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Numerical analysis of oil injection in twin-screw compressors

Basha, N. (2021). Numerical analysis of oil injection in twin-screw compressors. (Unpublished Doctoral thesis, City, University of London)


Compressors are widely used in the manufacturing, process, construction, and energy industries. They consume nearly 20% of the electricity generated worldwide [1]. Nearly 66% of this electricity comes from burning fossil fuel that greatly impacts the environment. Improving compressor efficiency by even a small percentage will considerably reduce electricity and energy consumption. This thesis focuses on improvement in the efficiency of oil-injected compressors. The injection of oil in the working chamber of a screw compressor increases volumetric efficiency and reliability, but it increases power losses. Also, the oil needs to be separated from the gas, which requires additional equipment and energy losses, not to mention the contamination of the environment with the oil carryover. The injected oil has a significant influence on compressor performance and the environment.

The distribution of oil injected in a compression chamber is critical for performance and reliability. Accordingly, investigations are carried out using Computational Fluid Dynamics (CFD), based on a Volume of Fluid (VOF) model, to determine the oil distribution. The predictions were compared with test results. This was applied to an industrial compressor with a traditional single oil injection point. Using different nozzle diameters allowed the evaluation of the oil and temperature distribution close to rotor surfaces to be determined. It was found out that the high gas temperatures coincided with the regions of low oil concentration. With increasing the oil flow rate through a single port, the cooling of these hot spots was not achieved beyond a certain point unless the second oil-injection port was introduced on the opposite rotor. The injection through ports on both rotors reduced the compressor chamber temperature by 30°-35°C and the specific power by 1.8%. Furthermore, the adaptive mesh refinement technique in a simplified compression domain was used to simulate the film formation and disintegration. The disintegration has shown various oil phase breakup levels due to interfacial shear, inertial, and centrifugal forces, leading to ligaments, lobes, and droplets.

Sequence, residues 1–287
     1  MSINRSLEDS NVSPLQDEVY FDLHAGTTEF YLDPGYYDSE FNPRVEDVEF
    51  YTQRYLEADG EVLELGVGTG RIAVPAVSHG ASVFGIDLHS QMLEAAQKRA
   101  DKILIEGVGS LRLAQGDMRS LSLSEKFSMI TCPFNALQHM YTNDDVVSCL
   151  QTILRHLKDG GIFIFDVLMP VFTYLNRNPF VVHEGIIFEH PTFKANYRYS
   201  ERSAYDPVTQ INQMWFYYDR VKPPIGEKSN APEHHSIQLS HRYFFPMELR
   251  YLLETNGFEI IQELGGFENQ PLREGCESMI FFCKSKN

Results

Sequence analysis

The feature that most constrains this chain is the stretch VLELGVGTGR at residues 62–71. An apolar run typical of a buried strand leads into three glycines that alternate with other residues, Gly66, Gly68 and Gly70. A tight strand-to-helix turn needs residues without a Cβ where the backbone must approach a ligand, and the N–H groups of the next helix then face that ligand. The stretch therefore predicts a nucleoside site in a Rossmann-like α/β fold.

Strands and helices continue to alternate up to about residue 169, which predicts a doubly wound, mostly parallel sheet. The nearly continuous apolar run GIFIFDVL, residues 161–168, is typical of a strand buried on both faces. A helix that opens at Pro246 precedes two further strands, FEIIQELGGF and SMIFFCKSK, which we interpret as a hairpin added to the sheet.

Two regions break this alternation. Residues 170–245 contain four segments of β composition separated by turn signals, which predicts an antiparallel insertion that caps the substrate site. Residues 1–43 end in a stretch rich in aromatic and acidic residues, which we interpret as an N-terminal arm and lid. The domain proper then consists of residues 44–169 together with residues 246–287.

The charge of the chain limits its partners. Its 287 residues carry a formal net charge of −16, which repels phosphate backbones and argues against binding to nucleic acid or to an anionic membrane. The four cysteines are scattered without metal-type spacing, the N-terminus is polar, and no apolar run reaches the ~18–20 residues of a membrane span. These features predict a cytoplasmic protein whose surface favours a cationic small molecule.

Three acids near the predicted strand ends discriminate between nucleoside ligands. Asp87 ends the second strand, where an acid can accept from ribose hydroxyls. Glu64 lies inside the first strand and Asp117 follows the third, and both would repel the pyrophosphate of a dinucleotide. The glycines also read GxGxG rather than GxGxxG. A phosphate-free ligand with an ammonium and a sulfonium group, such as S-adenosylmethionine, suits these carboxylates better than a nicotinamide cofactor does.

This study shows that computational methods could be exploited for improving compressor energy consumption through oil distribution. One such way is the enhancement of oil distribution to cool high temperature spots. Another is understanding the oil phase breakup due to the forces acting in a compression chamber that can affect the oil droplet sizes and cooling surface area. Techniques used in this research can be applied to improve efficiency for a wide range of screw compressors.

Publication Type: Thesis (Doctoral)
Subjects: T Technology
Departments: Doctoral Theses
School of Science & Technology > School of Science & Technology Doctoral Theses
School of Science & Technology
Text - Accepted Version
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